The University of Maryland said one of its databases was the "victim of a sophisticated computer security attack" that exposed the personal information of more than 300,000 faculty, staff, students and others who were issued an ID at their College Park and Shady Grove campuses.
"I am truly sorry," Wallace D. Loh, the university president said in a statement. "Computer and data security are a very high priority of our University."
The records stolen included names, Social Security numbers and date of birth. According to the president, the records were kept by their IT Division and date back to 1998.
The Washington Post takes a broader look at the breach:
"Meghan Land, a staff lawyer for the Privacy Rights Clearinghouse, a nonprofit group based in San Diego, said the U-Md. breach was large and significant because it included Social Security numbers. A list kept by the clearinghouse indicates that many colleges have faced data security problems in recent years.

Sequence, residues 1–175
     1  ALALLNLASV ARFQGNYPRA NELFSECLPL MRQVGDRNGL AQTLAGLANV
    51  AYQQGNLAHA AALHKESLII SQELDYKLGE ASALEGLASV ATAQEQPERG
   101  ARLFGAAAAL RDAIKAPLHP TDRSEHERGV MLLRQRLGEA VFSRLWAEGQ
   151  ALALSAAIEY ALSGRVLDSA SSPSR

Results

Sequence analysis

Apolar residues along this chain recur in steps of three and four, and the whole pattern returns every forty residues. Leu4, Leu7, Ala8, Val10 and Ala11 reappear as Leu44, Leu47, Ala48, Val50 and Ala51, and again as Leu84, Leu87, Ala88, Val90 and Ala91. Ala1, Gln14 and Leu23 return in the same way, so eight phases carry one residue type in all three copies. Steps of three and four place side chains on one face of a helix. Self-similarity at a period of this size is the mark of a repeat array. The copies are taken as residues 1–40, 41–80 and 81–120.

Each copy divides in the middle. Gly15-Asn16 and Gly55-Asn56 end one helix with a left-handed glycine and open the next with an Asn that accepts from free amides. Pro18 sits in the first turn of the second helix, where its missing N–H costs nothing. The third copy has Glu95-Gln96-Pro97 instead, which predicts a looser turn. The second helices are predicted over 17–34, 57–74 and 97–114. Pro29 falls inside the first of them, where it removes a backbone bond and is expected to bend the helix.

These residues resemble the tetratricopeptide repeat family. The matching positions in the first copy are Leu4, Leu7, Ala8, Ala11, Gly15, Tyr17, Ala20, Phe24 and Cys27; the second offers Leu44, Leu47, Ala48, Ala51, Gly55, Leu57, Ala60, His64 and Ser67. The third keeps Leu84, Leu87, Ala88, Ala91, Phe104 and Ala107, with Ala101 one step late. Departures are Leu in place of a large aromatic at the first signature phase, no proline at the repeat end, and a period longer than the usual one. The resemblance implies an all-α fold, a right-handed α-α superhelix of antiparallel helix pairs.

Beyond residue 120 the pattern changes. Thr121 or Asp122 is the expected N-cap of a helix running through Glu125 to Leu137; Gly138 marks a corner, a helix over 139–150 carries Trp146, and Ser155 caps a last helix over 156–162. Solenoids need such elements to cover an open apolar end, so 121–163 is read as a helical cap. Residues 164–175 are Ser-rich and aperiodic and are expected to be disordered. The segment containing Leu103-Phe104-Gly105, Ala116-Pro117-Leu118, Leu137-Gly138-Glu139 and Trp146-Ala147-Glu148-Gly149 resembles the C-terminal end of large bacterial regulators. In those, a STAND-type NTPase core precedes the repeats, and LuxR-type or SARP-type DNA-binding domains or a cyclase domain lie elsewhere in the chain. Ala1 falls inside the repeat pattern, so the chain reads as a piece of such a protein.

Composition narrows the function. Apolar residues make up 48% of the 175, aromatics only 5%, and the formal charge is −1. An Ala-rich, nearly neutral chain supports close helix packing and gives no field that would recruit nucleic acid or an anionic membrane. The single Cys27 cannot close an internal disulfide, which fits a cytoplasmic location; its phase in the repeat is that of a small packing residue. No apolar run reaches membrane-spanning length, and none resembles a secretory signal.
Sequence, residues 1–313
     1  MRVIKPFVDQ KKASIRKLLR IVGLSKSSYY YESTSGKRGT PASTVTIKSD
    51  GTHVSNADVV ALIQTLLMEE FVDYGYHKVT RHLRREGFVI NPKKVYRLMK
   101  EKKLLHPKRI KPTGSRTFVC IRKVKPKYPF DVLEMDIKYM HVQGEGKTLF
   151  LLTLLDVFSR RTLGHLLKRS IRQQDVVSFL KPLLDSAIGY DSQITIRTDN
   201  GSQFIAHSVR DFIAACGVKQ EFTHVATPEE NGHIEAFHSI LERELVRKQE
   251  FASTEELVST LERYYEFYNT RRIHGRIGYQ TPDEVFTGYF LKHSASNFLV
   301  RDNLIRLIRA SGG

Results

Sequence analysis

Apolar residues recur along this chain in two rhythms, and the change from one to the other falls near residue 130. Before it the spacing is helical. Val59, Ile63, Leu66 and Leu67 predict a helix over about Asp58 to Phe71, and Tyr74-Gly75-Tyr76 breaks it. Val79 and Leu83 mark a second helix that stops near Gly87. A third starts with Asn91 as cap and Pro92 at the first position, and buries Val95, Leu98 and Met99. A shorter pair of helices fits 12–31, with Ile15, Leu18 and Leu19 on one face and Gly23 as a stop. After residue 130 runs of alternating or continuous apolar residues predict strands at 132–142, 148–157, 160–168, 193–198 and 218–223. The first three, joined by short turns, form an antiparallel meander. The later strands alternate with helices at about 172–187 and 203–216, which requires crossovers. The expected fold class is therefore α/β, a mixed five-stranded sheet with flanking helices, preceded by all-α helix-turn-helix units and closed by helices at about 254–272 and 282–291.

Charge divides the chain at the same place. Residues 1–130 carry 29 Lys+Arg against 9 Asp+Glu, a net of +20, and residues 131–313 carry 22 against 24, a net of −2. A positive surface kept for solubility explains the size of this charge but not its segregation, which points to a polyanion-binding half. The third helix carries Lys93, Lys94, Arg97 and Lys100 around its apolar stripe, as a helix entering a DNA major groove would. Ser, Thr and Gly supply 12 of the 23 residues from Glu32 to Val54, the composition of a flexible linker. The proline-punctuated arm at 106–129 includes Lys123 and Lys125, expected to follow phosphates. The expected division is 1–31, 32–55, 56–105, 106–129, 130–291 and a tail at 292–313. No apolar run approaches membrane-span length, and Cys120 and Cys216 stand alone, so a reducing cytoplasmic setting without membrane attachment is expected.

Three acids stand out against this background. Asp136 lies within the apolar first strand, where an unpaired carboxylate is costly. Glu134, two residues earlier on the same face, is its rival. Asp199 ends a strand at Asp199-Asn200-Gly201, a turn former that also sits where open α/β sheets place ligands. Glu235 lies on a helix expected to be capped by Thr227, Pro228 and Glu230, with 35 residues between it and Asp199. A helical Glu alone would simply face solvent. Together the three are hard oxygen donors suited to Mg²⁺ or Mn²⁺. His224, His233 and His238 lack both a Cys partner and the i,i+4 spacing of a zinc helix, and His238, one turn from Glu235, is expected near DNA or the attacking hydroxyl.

"Ohio State University said in 2010 that hackers had penetrated a college server that contained the names, birth dates and Social Security numbers of 750,000 people, exposing them to risk of identity theft. Last year, the University of Virginia said that Social Security numbers of more than 18,000 students were mistakenly printed in the address field of health insurance brochures that were mailed to their homes."
Of course, this also comes after high-profile hacks into the servers of big retailers. The Target breach, for example, affected 70 million customers.
Because of the breach, the university is offering a year of free credit monitoring for free.